A while ago, perhaps five or six months ago, I purchased three pairs of frog legs, and stored them in the freezer. Sunday night I decided to have a go at them.
Frog legs can be made a variety of styles: Cajun, Chinese, or the very popular: French, especially Provencal. I went with French — simple and quick to do. By the way, you can also prepare your escargot this way (usually without the mushrooms), just omit the flour or potato starch, and cook them less amount of time.
Prep time: Maybe 10 minutes (+ 1.5 hours of frog legs marinating in the milk)
Cook time: 16-20 minutes + 5 additional for the mushrooms
Rest time: What’s that?
Serves: 1 as a main. 2 as a side.
Frog Legs French Style, with Mushrooms
- 3 pairs of frog legs
- Around 6 medium-sized white mushrooms (if you have porcini or chanterelles or even baby bellas, go ahead and use those, an equivalent amount), sliced.
- About 1/3 cup milk, or buttermilk
- About 1/3 cup potato starch
- 3 cloves garlic
- 1 handful curly parsley
- 1/2 teaspoon dried thyme (a couple sprigs if you have fresh thyme)
- salt and pepper to taste
- 2 tablespoons ghee (or other high-smoke point oil or fat)
- 1.5 tablespoons butter
- OPTIONAL, a wedge of lemon for each person, as a garnish on the side at the end.
I am assuming your frog legs are skinned and cleaned up. You’ll want to cut the two legs from each pair apart from each other (scissors or knife). You can cut off the paw tips, but I wasn’t being fancy, and there could be a little meat down there.
Soak them for a while in the milk or buttermilk in the fridge — I used milk and waited only an hour and a half, and towards the end of that time I finished up the rest of the prep. Laid out the potato starch in a dish for coating (mixed in the thyme, salt and pepper), chopped up the parsley, peeled and chopped the garlic, and put the rest of the mise en place (mess in place?) in place.
Coat the legs in a fine layer of the seasoned starch, set aside.
Melt the ghee in a skillet large enough to hold all the legs, at medium/medium high.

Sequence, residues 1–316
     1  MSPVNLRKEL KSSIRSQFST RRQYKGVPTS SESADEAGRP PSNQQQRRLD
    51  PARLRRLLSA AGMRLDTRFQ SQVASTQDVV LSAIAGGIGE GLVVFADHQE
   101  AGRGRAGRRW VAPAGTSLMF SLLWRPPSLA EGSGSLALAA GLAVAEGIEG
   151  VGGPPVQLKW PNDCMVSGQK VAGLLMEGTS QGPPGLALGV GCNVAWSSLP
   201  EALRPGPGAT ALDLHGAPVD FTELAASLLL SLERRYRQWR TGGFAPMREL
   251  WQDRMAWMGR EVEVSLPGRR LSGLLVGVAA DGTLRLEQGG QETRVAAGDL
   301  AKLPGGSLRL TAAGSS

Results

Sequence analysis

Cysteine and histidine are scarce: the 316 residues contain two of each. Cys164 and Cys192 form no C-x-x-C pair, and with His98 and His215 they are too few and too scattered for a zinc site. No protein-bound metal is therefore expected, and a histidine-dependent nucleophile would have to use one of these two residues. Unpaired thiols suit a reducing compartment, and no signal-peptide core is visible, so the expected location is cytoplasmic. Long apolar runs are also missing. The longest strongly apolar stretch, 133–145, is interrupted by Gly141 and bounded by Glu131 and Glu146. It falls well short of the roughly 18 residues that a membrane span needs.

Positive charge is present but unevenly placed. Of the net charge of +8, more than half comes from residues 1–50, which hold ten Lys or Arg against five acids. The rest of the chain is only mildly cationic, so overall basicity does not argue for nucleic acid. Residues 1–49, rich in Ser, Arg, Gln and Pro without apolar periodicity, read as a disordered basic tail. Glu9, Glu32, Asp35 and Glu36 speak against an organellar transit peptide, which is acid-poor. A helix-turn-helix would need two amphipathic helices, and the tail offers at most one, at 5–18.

Add the mushrooms, and stir them around 3 – 5 minutes, until they are nearly done.
Add the legs to the skillet, and use a splatter guard to cover. Pan fry on one side for 8-10 minutes, then when the bottom starch is turning light brown, flip them individually and cook for another 8-10 minutes, or until light brown.
Meanwhile, while the legs are cooking, use a small sauce skillet or pan to melt the butter, add in the parsley and garlic (and perhaps a touch more salt and pepper should you wish). When the butter starts bubbling, stir and mix with a spatula, then reduce heat to a bare simmer, which it can stay at until your frog legs are ready.
Plate with a teaspoonful or so of butter sauce on each leg, and serve, with the optional lemon wedge. A nice salad with a red wine vinaigrette with French herbs and maybe a few apple or pear slices would make a good side.
So, what do frog legs taste like?
Well, let’s rephrase the usual answer — chicken tastes like frog legs! Frog legs are very tender and lean, so perhaps the best of the dark and the white meat?
The recipe I looked at for inspiration: French Fried Frog Legs, by Hank Shaw, the author of those wonderful foraging cookbooks, Hunt, Gather, Cook and Duck, Duck, Goose. Frog legs are not inexpensive – so maybe, if you are in that locale, you can take a page out of his blog and forage for bullfrogs in areas such as the Lake Tahoe region (as Shaw did) where they are being problematically invasive.
There are some things that should not be resisted…
Tell Em Tuesdays… — this foodie sharing party is going on hiatus after this week.
Fiesta Friday… — Time for a Fiesta!
Real Food Fridays… — Yep, it’s real!
Savory Saturdays… — always savory (sometimes sweet)!